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BMW deal underlines IPG's processing power

07 Aug 2008

Increasing sales and an order for fibre lasers to weld car doors demonstrate growing confidence in the effectiveness of laser manufacturing tools.

IPG Photonics is supplying fibre lasers to BMW, breaking the tight hold of its rival Trumpf on sales of material processing lasers to German auto-makers. The vertically integrated diode-laser manufacturer is due to deliver ytterbium fibre-laser systems with 63 kW of total output power to BMW in the final quarter of 2008.

"Our main target was to break into German car makers," said Valentin Gapontsev, IPG Photonics' CEO. "For us this has really opened the door for penetration into the automotive market." IPG says that the contract for tools used in welding car doors represents the first large-scale production use of fibre-laser systems for the BMW Group.

It adds to IPG's list of existing automobile customers outside Germany, which includes Hyundai, Nissan, Toyota and the PSA group that makes Peugeot and Citroen cars.

In the three months ended June 2008 84% of IPG Photonics' total $56 million revenues came from material-processing applications. Sales into this area grew 6% sequentially and 42% over the same time in 2007.

IPG says that its systems offer much better yields than early experimental laser material processing tools. Some of these performed so badly that they turned automotive manufacturers' senior management against the technology. The Oxford, Massachusetts, headquartered company's manufacturing equipment now seems to be changing that perception.

"Our results this quarter reflect the growing penetration of our fibre lasers into new industrial manufacturing applications, the marketplace's growing acceptance of the benefits of our fibre lasers, and our presence in the world's major industrial manufacturing markets," commented Gapontsev. "We are particularly pleased that IPG's fibre lasers continue to win orders over legacy laser technologies in a number of high-profile installations." The BMW order, which came shortly after the close of the quarter, was a further demonstration of this trend according to Gapontsev.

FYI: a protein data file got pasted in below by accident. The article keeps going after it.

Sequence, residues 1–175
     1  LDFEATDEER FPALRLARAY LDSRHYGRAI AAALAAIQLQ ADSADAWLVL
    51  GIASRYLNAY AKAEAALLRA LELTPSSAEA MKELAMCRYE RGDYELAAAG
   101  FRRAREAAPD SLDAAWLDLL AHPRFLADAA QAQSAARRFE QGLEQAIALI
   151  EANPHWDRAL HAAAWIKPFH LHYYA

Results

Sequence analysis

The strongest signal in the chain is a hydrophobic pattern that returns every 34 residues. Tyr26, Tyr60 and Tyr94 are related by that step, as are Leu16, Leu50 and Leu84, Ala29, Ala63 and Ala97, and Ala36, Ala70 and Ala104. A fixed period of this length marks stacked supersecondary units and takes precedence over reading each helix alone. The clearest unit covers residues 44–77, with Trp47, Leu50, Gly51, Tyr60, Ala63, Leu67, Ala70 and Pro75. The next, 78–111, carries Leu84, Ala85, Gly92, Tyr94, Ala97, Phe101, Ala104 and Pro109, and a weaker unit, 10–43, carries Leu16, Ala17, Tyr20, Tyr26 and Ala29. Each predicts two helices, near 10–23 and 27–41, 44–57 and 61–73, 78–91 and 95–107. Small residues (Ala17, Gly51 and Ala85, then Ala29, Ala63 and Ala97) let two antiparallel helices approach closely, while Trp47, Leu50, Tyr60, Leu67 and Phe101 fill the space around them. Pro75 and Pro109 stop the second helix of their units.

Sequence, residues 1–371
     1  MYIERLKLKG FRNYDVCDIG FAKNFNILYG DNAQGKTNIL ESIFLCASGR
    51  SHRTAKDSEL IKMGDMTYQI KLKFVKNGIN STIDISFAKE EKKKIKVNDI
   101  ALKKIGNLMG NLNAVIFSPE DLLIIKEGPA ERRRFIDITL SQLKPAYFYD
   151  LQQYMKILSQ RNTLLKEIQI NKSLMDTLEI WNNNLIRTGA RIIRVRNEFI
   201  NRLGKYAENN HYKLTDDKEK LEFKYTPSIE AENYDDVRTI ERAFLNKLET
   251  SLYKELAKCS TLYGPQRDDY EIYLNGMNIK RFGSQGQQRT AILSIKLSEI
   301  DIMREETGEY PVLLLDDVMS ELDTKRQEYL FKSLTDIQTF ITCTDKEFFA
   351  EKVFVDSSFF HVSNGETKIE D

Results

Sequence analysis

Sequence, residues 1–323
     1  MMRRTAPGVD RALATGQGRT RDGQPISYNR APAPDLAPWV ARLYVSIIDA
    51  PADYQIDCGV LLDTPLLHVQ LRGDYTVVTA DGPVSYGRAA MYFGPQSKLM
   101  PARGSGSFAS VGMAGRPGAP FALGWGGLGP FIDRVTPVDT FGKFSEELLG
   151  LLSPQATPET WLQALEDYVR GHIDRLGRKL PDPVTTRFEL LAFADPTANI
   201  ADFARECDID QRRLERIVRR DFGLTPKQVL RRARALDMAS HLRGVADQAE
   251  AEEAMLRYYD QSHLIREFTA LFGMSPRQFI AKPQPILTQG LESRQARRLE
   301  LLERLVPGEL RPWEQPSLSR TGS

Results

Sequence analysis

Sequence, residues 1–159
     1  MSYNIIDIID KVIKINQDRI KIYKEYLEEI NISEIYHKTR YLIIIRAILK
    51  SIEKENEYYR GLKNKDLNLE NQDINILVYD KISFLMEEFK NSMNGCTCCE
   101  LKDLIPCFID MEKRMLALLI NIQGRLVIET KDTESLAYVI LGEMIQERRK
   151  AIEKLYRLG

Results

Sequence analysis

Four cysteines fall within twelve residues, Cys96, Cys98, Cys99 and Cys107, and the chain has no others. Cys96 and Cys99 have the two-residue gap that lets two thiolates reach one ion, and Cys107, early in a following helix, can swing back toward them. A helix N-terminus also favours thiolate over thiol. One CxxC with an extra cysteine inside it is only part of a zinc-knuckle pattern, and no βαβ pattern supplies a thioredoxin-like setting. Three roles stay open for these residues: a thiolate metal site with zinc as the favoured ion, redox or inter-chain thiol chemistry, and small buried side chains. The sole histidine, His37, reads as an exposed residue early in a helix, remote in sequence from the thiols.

IPG's MBE-grown GaAs laser diodes, available in powers up to 25 W, combine in the higher-power systems to offer significant power-efficiency savings compared with other laser technologies. Making its own diodes as well as performing subsequent integration gives IPG Photonics another competitive advantage, allowing it to deliver systems comparatively quickly.

On a per-watt basis, IPG says that its systems cost only 15% of the typical cost of other systems on the market. Even in the particularly conservative automotive market, where existing supplier relationships are hard to overturn, these numbers are difficult to ignore.

The heavy focus on capital equipment sales continues to serve IPG well, as it recorded a $8.6 million net profit in the quarter, up from $6.4 million year-on-year.

IPG says that its overall sales in the September quarter will grow further, predicting that it will receive between $57 million and $61 million in that period.

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